6. There are aspects of our jointly acknowledged problem that are more menacing than the blindness and stubbornness of ecologists and that is the remarkable and continuing success of “divide and rule” scenarios. One such scenario kept the twentieth century wrapped up in pro- and anti-Communism. Its successors are in full application today on many fronts.
    It does absolutely nothing to subvert “divide-and-rule” when people who characterize as fraud the hypothesis that CO2 emissions are prime driver of global warming try, through hesitancy about confronting “the rabid-Green Left”, to conduct oppositional policy (to wind turbines, to the “Clean Energy Target”) on the basis of the assumptions of the other side.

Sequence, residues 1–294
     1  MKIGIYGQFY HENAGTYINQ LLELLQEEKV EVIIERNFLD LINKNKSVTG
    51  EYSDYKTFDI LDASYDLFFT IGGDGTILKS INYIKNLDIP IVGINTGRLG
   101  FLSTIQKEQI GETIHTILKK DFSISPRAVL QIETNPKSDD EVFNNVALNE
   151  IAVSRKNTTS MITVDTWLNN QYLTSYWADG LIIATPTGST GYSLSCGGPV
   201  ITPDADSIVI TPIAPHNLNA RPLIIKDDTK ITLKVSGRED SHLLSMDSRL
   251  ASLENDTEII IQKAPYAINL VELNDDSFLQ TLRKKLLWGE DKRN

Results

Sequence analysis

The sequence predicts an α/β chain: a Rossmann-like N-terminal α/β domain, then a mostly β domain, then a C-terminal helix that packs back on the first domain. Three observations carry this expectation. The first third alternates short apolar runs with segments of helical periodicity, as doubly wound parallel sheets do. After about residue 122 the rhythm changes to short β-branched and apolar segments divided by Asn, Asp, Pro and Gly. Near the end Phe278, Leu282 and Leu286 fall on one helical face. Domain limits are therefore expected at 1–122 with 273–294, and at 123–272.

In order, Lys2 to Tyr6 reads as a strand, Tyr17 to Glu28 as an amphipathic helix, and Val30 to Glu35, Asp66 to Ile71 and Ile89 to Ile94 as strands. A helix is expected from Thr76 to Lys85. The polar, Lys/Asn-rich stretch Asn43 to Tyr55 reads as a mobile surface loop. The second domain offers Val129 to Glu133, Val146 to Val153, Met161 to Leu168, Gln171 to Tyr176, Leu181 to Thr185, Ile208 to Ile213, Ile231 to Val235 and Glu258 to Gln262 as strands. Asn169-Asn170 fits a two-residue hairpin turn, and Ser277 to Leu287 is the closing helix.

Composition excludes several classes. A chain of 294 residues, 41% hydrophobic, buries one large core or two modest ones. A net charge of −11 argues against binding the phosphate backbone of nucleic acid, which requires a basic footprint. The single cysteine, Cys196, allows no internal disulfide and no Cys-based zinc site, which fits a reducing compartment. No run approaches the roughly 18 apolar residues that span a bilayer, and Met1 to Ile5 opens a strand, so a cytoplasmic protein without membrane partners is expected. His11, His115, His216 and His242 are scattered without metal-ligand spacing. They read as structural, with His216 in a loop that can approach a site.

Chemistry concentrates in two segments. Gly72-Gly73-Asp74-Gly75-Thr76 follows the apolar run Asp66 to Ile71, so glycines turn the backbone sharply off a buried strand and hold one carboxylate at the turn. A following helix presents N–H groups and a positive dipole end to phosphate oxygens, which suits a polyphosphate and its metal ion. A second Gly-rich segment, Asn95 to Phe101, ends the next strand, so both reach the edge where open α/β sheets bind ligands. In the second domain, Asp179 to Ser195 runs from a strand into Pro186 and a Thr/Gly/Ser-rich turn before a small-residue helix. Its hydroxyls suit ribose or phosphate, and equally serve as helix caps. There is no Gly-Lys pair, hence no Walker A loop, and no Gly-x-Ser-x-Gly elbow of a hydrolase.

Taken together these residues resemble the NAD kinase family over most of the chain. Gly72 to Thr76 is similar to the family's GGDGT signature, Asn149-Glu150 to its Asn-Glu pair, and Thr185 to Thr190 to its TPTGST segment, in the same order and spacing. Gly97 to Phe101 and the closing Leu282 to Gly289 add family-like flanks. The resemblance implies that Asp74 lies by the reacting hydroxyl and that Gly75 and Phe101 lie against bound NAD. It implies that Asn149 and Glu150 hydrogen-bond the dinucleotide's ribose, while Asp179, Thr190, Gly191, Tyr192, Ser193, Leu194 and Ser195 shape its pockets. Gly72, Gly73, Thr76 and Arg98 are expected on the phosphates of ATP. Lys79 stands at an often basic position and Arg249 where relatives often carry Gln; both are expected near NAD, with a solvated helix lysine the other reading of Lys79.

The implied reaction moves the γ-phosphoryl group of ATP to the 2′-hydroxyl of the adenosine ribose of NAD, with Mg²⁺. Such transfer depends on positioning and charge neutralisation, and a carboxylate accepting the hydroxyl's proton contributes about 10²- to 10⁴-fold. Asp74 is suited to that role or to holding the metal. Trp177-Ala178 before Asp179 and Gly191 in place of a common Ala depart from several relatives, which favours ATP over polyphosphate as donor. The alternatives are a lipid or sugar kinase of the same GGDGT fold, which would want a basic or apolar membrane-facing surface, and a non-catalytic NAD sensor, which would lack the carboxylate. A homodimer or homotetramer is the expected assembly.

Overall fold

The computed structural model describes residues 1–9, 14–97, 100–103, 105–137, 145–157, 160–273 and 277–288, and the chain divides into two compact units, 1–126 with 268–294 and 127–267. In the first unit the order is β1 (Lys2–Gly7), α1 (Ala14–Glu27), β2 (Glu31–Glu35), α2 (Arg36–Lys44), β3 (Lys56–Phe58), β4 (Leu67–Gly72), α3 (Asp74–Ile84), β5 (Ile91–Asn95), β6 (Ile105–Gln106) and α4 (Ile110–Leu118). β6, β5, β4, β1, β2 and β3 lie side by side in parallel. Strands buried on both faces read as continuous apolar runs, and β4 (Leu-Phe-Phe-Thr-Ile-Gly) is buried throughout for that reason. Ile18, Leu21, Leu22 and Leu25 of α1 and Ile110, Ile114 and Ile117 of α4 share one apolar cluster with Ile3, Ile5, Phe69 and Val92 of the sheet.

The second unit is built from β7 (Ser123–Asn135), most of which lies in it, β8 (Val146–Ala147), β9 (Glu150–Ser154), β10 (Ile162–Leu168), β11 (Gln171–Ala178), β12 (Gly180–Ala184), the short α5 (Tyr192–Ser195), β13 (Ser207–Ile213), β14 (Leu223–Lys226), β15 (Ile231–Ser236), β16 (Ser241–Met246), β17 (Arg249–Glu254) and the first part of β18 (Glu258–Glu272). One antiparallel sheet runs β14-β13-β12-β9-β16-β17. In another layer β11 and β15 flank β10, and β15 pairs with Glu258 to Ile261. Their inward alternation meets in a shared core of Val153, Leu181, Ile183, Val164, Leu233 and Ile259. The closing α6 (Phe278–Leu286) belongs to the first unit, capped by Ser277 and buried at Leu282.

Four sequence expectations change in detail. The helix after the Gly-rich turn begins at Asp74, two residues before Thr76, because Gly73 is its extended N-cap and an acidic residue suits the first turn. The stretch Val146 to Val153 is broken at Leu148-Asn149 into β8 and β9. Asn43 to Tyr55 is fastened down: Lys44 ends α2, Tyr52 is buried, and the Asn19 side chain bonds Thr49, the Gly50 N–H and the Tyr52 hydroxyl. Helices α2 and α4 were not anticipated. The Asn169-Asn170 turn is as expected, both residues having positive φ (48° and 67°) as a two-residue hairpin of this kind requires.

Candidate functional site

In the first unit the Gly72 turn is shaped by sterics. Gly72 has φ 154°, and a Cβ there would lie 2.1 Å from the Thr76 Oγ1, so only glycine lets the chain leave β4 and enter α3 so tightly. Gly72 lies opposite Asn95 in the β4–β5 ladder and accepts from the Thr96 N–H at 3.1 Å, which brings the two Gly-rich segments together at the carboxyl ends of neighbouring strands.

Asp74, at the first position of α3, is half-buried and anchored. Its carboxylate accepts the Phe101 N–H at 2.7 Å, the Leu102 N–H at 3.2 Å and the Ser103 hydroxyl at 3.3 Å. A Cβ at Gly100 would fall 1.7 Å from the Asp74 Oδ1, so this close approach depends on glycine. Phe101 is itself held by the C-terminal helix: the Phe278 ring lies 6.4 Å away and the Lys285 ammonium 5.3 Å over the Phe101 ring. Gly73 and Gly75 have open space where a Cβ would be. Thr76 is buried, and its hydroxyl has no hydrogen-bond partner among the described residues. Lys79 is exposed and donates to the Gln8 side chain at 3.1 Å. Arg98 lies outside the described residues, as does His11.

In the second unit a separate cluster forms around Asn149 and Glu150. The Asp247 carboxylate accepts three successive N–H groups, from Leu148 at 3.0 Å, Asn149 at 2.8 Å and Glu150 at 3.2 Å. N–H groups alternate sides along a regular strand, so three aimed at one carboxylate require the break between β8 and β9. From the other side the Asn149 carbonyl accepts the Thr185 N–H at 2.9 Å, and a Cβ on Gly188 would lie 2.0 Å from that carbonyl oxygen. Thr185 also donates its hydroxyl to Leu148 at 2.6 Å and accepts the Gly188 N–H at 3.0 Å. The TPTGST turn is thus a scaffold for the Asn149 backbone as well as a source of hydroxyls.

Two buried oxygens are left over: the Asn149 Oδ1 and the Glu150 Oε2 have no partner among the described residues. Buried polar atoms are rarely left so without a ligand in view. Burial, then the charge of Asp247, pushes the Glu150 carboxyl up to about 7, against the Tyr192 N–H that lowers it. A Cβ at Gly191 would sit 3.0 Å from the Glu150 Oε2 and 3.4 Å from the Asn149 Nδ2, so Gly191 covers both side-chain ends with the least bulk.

Quote: “Our position, which involves neither doublethink, nor trickiness is to challenge eco-zealots about their ‘belief’ (their term) in CAGW by pointing out that if they are seriously concerned about CO2 emissions in the electricity sector, then every one of them should be seen to be promoting nuclear energy. That they do not demonstrates that they are not primarily concerned with CO2 emissions.”
    This is no way to “challenge eco-zealots”. The way to win is to hit the opponent where he is weak, not where he is strong. And opposition to nuclear fission for generating electricity is one of the points on which Greens are strong, on financial grounds (non viability without subsidies), on environmental grounds (Chernobyl, Fukushima). There is no need for me to recite their argumentation, which is familiar enough.